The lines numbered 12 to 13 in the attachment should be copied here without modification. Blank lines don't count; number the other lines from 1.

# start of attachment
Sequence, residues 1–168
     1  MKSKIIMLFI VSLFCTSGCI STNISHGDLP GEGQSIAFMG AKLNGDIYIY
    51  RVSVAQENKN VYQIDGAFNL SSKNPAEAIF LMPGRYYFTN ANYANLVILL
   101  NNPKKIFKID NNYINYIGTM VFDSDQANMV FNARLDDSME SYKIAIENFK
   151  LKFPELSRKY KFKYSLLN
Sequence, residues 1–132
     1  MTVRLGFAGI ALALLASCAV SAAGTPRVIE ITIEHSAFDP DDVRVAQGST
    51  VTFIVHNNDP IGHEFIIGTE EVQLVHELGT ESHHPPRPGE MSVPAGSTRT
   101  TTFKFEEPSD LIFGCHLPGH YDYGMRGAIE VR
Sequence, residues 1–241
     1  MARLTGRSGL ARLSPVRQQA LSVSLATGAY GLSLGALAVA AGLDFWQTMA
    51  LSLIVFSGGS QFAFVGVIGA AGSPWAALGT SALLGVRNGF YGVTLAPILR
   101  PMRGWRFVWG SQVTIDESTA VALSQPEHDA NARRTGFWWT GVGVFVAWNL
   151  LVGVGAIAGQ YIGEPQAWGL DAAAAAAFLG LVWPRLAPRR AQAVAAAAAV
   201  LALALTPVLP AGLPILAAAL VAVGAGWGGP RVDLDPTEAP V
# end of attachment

    51  LSLIVFSGGS QFAFVGVIGA AGSPWAALGT SALLGVRNGF YGVTLAPILR
   101  PMRGWRFVWG SQVTIDESTA VALSQPEHDA NARRTGFWWT GVGVFVAWNL